A 59-year-old man with myelodysplastic syndrome who was hospitalized for evaluation of fever and generalized fatigue had elevated levels of C-reactive protein and pancytopenia. A search for a site of infection and empiric treatment with antibiotics were unsuccessful. Over 5 to 6 weeks right upper quadrant pain and rebound tenderness developed. Sonographic Murphys sign was present. Computed tomography showed thickening of the gallbladder wall, and repeated ultrasonography demonstrated changes consistent with cholecystitis. Open cholecystectomy was performed as an emergency procedure. Macroscopically the resected gallbladder showed an edematous and thickened wall. Histopathologic examination revealed transmural infiltration by atypical mononuclear cells with distinct nuclei. The cells showed immunohistochemical staining for CD15, indicating myeloid lineage. By 10 days after surgery, counts of leukocytes and leukoblasts had markedly increased, reaching 36,700/μL and 76.0%, respectively. The blast crisis was thought to indicate progression from myelodysplastic syndrome to leukemia. The patient died of progressive disease 12 days after surgery. We have described a rare case of acute cholecystitis caused by infiltration of immature myeloid cells to the gallbladder. An acute abdomen complicating hematologic disorders is life-threatening and requires prompt and appropriate treatment.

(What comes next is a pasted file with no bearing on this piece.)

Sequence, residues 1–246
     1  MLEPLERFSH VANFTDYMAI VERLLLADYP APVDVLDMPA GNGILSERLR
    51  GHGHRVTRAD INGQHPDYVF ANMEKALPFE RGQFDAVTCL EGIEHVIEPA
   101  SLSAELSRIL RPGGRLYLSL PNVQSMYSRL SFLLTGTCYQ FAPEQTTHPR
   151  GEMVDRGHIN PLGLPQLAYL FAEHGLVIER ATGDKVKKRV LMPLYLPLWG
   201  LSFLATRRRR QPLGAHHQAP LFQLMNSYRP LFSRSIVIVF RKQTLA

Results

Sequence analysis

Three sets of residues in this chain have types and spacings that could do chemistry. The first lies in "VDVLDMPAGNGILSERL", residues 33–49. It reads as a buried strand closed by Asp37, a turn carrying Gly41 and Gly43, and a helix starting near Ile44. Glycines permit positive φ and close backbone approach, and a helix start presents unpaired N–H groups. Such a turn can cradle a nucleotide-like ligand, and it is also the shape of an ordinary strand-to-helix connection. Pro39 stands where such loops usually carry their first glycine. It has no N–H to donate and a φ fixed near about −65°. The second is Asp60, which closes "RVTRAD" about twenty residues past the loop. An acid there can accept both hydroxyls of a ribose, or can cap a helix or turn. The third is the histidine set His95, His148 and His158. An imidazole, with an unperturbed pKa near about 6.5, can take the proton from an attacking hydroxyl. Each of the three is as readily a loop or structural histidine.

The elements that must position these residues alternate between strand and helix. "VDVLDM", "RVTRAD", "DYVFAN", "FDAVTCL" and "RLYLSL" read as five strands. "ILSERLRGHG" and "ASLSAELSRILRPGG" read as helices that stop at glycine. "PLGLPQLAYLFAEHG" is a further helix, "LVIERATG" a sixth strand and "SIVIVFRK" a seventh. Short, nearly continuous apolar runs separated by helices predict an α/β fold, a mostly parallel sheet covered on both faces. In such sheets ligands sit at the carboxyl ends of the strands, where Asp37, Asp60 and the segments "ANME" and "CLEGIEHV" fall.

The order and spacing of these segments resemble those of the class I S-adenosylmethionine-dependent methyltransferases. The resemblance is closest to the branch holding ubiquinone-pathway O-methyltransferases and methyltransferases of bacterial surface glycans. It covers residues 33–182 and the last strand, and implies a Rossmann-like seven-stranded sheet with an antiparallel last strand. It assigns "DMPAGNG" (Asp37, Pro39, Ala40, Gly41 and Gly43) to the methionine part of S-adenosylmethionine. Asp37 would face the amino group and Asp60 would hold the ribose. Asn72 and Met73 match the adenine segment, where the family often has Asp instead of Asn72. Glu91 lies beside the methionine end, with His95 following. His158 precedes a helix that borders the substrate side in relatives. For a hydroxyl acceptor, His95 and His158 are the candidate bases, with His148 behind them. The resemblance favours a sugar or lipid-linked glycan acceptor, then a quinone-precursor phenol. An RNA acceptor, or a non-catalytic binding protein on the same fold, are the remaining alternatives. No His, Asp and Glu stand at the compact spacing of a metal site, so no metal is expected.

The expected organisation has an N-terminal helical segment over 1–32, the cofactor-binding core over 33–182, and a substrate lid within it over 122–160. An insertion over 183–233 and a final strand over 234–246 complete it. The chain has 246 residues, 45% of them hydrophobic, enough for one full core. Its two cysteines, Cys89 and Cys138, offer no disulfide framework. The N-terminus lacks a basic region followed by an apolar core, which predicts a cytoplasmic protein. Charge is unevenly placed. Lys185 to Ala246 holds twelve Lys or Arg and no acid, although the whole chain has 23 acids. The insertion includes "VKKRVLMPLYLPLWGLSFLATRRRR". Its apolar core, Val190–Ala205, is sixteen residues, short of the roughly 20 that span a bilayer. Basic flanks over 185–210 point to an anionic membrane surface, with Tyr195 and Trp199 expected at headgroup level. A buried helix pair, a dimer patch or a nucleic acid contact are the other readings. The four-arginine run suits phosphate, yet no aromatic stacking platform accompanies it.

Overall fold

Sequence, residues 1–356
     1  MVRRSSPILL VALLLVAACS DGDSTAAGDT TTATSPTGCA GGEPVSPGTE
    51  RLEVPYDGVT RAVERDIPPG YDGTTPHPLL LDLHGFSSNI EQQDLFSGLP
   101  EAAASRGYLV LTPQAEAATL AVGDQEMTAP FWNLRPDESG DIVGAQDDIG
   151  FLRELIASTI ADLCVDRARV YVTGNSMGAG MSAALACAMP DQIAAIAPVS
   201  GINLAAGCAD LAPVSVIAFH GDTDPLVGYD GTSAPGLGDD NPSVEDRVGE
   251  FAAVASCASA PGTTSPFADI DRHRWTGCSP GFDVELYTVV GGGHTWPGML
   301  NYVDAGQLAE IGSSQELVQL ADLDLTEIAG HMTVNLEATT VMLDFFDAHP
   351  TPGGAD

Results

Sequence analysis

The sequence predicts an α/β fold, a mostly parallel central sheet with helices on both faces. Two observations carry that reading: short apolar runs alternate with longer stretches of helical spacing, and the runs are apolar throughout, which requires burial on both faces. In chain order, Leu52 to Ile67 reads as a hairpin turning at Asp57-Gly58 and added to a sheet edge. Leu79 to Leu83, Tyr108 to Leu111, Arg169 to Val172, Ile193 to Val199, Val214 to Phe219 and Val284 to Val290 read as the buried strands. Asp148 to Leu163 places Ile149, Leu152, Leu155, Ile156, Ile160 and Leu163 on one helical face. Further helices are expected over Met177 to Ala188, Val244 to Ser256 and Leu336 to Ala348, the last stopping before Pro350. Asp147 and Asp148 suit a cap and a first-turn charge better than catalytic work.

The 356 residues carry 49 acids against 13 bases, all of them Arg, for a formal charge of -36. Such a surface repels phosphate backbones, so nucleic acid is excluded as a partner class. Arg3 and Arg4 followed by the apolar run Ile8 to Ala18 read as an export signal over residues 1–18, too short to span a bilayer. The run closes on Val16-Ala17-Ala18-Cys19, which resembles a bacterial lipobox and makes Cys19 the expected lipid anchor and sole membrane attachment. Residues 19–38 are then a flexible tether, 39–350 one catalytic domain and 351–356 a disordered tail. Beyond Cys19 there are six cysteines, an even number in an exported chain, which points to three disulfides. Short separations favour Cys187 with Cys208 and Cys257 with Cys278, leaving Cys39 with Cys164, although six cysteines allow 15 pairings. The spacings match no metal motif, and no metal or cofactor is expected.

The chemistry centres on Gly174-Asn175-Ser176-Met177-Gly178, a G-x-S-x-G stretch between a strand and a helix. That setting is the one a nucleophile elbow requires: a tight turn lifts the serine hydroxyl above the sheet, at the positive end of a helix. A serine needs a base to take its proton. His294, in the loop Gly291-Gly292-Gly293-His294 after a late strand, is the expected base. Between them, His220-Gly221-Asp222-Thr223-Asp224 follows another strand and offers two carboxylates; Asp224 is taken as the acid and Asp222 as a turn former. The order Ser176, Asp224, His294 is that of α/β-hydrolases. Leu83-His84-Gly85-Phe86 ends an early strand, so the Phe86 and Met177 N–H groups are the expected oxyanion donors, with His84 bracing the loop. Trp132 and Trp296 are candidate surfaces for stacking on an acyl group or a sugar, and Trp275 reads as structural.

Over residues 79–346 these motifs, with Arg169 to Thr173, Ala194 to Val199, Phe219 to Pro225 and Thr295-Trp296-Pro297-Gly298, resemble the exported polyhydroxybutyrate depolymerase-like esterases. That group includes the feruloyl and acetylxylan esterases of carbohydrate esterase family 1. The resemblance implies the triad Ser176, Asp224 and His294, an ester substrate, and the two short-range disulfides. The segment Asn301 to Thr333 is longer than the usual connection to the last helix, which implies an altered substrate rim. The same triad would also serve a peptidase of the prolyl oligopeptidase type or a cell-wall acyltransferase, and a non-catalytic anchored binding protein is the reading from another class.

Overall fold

A 58-year-old man with a chief complaint of epigastralgia was admitted to our hospital. Physical examination disclosed a large, firm mass in the right hypochondrium. Abdominal computed tomography comfirmed thickening of the gallbladder wall and a 15 × 8 cm mass occupying almost all of the right lobe and medial segment of the liver. With a preoperative diagnosis of malignant gallbladder tumor infiltrating the liver, right hepatic trisegmentectomy was performed. Histopathologic examination showed atypical cells with small round to oval nuclei and sparse eosinophilic cytoplasm, proliferating in a solid and focal nesting pattern. Near this small cell proliferation was a focus of tubular adenocarinoma that showed a zone of transition from the small cell neuroendcrine pattern. The small cells demonstrated immunohistochemical reactivity for chromogranin A. Electron microscopy disclosed neurosecretory granules 150 nm in diameter, representing dense round core vesicles, confirming a neuroendocrine cell linage. The patient was diagnosed with neuroendocrine cell carcinoma combined with adenocarcinoma of the gallbladder. Tumor recurrence became evident 3 months after surgery, and he died 4 months after surgery.